In spite of his age, Martinez’s bat will obviously be enticing to many American League clubs. One major wild card remains whether or not he receives a qualifying offer from the Tigers, which could prove a particularly strong disincentive to teams that are not all-in on the immediate future. In that respect, of course, the White Sox represent an interesting suitor, as a move for Martinez would represent a signal that the team believes its contention window was opened.
Right-hander Matt Lindstrom is a free agent at season’s end, but he told Dan Hayes of CSNChicago.com that his preference is to return to the White Sox, with whom he spent the past two seasons. Said Lindstrom: “I’d like to be a part of something special. We’ve definitely seen the offense pick up here and I think we’re seeing some guys in the starting rotation learning on the job. I’d like to be a part of it here in Chicago.”
The 34-year-old opened the season as Chicago’s closer, but he’s spent much of the 2014 campaign on the disabled list following surgery to repair a subluxed tendon in his left ankle. Lindstrom had a 3.32 ERA in 19 innings when he initially hit the disabled list, though he had posted a fairly worrisome 11-to-9 K/BB ratio in that time. Since returning from the disabled list, he’s struggled through a pair of three-run outings, causing his ERA to soar to 5.09.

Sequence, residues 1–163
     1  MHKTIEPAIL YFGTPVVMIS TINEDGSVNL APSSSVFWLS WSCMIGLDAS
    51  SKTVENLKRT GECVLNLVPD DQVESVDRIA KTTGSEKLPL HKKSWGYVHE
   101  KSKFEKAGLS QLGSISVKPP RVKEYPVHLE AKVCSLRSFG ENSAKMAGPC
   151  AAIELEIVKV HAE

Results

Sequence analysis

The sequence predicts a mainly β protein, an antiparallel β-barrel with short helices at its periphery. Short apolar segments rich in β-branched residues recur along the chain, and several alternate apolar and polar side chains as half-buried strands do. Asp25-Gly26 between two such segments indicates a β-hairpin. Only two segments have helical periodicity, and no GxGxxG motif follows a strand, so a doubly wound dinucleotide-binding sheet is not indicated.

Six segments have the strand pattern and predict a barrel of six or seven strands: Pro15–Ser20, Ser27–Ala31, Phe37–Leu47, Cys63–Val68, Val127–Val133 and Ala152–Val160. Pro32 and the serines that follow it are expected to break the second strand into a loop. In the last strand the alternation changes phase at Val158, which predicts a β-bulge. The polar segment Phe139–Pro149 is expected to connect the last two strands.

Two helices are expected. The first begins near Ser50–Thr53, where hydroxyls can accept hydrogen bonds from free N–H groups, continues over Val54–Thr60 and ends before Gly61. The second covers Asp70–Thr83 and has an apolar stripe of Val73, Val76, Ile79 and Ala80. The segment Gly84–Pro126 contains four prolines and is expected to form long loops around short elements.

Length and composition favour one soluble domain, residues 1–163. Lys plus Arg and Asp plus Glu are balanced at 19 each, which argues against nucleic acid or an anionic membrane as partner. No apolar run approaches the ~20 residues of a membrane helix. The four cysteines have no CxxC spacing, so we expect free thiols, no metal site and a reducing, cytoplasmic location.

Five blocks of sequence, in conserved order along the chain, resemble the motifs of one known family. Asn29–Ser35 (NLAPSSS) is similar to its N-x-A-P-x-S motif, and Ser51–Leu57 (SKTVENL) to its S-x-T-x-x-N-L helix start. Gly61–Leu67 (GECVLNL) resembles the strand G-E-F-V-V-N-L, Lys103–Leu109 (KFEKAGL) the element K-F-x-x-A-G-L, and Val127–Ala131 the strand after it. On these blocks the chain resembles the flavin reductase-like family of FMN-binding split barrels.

However, Lindstrom had a quietly strong season for the Sox in 2013, turning in a 3.12 ERA with 6.8 K/9, 3.4 BB/9 and a very strong 55.6 percent ground-ball rate in 60 2/3 innings — the second-highest innings total of his eight-year career. Lindstrom is earning $4MM this season after the ChiSox exercised a club option on his deal following the 2013 season.
It sounds like there’s at least some interest on behalf of the Sox as well, or at least some interest from manager Robin Ventura. “You’re always hoping you have someone in each area of your team that guys can draw from who has experience,” Ventura explained to Hayes. “Matty has that.”
The Pirates will send top prospect Gregory Polanco back to the minor leagues today, reports Ken Rosenthal of FOX Sports (Twitter link). However, Polanco’s demotion is likely to be relatively short-lived, as the 22-year-old could rejoin the team as soon as next Monday, when rosters expand. Polanco got off to a blazing start to his MLB career, but he’s cooled significantly since that time. He’s hitting .241/.308/.349 on the season as a whole, but he batted just .219/.276/.337 from July 1 through present day. Rosenthal tweets that Jose Tabata is expected to get the call to replace Polanco for the time being.